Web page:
Engaging employees to use their benefits 


Employee benefits are one of the most important tools for retaining and recruiting employees. They are also quite expensive for the employer and the employee. Too often, utilization falls short, underselling the value of a strong employee benefits offering.

In order to receive a positive return on investment (ROI) for employee benefits, engaging employees is key. Employees that have a clear understanding of their benefits will use their insurance for preventative care or when they first fall ill, instead of waiting until they are in the emergency room. A clear understanding is achieved through one central location for important information, comprehensive education during benefits enrollment, and support for smart decision-making.

A central location for the important information

A centralized location for relevant benefits information gives employees seamless access to their plans and increased knowledge of how to use them.

Creating one central location does not mean uploading informational flyers to a shared folder in the cloud. Instead, it’s about creating a space for employees to conduct all of their benefits activities, from start to finish. Furthermore, it’s important for this information to be available anywhere, at any time.

One of the most popular examples of a central, online location for benefit information is an online enrollment platform. With most online enrollment platforms, employees have the ability to:

  • Learn about the plans available to them and the associated costs
  • Complete benefits enrollment
  • Access the necessary contact information for carriers and service providers
  • View plan and policy numbers at any time during the year

Mobile devices present a great opportunity to increase access to benefit information for employees. At EaseCentral, the benefits administration software company I run, we recently looked at the volume of enrollments and account access on different devices in 2017. We found that nearly 25 percent of employee users viewed their benefits via a mobile phone or tablet and 14 percent completed benefits enrollment their enrollment on those devices.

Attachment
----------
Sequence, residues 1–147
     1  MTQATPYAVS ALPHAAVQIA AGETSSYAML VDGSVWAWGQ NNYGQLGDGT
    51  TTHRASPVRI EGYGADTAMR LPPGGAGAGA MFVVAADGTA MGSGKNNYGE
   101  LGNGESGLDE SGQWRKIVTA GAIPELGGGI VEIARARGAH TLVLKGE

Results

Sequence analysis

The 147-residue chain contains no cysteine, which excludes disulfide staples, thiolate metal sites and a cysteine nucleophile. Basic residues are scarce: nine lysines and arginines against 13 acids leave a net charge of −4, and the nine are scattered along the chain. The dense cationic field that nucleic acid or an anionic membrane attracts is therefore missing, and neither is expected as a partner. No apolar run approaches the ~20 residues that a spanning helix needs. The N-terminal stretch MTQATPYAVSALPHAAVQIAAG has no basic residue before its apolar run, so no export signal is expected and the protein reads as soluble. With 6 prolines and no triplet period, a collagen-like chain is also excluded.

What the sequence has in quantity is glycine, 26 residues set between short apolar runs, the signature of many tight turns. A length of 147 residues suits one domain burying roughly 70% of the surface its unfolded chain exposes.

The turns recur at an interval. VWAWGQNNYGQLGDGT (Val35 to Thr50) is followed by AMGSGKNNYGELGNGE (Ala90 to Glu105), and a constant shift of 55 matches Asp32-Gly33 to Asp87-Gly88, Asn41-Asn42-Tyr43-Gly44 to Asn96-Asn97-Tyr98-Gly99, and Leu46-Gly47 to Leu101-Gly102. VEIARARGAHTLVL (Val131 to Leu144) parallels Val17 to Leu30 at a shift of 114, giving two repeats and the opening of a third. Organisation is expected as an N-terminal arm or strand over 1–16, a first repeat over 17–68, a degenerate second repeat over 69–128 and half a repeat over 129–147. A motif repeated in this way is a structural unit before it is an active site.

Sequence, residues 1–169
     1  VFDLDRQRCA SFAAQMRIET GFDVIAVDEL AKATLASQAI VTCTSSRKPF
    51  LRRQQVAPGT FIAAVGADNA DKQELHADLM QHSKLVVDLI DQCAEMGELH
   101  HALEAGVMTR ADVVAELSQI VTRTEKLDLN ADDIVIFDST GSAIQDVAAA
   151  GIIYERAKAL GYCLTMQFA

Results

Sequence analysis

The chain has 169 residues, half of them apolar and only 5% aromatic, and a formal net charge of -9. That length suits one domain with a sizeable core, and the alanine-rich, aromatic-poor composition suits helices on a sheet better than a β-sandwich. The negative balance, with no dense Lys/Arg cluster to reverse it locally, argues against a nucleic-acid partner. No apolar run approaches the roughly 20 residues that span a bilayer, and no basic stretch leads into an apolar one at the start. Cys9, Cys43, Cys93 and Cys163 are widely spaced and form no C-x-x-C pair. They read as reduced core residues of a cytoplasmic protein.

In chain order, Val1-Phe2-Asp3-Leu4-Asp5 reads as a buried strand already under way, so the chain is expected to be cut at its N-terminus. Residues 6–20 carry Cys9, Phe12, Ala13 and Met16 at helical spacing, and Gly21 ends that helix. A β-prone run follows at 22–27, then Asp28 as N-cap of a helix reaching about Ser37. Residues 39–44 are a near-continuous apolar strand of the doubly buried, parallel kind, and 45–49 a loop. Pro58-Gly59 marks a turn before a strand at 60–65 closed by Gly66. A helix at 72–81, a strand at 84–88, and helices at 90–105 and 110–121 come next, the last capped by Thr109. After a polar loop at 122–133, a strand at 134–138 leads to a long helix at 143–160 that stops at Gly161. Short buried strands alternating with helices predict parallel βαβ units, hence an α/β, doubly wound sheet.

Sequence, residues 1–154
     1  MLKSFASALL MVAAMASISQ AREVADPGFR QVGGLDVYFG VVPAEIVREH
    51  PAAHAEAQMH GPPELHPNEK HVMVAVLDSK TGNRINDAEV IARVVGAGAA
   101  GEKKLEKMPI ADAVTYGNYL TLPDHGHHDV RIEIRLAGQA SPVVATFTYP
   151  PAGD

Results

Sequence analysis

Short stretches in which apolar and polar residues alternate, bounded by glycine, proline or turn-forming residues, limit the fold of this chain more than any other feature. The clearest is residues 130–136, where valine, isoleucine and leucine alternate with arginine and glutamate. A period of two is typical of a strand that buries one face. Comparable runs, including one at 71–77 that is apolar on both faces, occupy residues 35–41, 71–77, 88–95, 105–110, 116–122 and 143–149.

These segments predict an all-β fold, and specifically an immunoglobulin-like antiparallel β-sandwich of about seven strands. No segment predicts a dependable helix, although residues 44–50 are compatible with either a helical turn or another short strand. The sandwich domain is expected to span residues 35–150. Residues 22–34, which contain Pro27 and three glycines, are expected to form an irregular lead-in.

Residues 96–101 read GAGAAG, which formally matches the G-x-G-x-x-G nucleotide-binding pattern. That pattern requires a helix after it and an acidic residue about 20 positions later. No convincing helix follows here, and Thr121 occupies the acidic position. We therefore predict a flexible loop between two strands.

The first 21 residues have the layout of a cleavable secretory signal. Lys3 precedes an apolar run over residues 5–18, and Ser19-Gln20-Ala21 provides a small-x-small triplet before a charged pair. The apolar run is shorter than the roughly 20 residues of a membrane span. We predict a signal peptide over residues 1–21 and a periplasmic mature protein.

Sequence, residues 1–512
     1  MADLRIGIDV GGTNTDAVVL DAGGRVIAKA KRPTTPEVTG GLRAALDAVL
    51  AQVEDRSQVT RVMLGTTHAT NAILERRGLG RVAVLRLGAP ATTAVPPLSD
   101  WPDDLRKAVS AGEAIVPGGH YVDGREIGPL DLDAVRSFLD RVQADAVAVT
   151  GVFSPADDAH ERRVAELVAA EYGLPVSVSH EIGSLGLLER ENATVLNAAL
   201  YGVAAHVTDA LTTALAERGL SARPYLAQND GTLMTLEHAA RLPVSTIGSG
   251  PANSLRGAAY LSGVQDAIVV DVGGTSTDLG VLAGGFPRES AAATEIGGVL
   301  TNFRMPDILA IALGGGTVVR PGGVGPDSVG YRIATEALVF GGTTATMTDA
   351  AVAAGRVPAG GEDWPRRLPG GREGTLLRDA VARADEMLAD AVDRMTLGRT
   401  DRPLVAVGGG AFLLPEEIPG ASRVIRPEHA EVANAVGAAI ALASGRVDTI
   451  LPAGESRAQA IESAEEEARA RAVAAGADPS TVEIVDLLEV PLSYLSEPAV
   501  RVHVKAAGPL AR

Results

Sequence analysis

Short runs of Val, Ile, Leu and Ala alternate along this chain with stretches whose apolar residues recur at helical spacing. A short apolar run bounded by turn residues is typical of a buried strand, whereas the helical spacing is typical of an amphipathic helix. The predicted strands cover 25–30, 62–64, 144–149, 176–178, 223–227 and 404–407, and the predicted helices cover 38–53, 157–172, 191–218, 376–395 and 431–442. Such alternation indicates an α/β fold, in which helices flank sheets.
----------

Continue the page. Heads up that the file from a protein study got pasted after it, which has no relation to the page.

Voluntary benefits and other service providers are using mobility and accessibility to help employees experience the true value of their benefits. Telemedicine is a great example, reducing costs and bringing the doctor to the employee via video chat. But many telemedicine providers struggle to drive activation and utilization. MDLIVE recently released a mobile chatbot which enables employees to activate their employer-sponsored telemedicine accounts by sending a text message. Consider choosing solutions that not only offer a cost advantage but also support you in driving utilization in their offering.

Provide comprehensive benefits education during open enrollment

It’s natural for employees to think about health benefits the most in the months prior to and during open enrollment. This is an opportune time to offer comprehensive benefits education for increased engagement.

Plan Education 

With more plans designed to account for rising premiums and deductibles, benefits are becoming more complex. This means plan education is even more necessary for high utilization rates.

For example, if employees have access to health savings accounts (HSAs), make a presentation that explains how an HSA complements a high deductible health plan and what factors to consider when deciding how much money to contribute. If the HSA you offer requires an employee to set up an account with the HSA provider or to send a form to their HR department, it’s important to explain how to do that.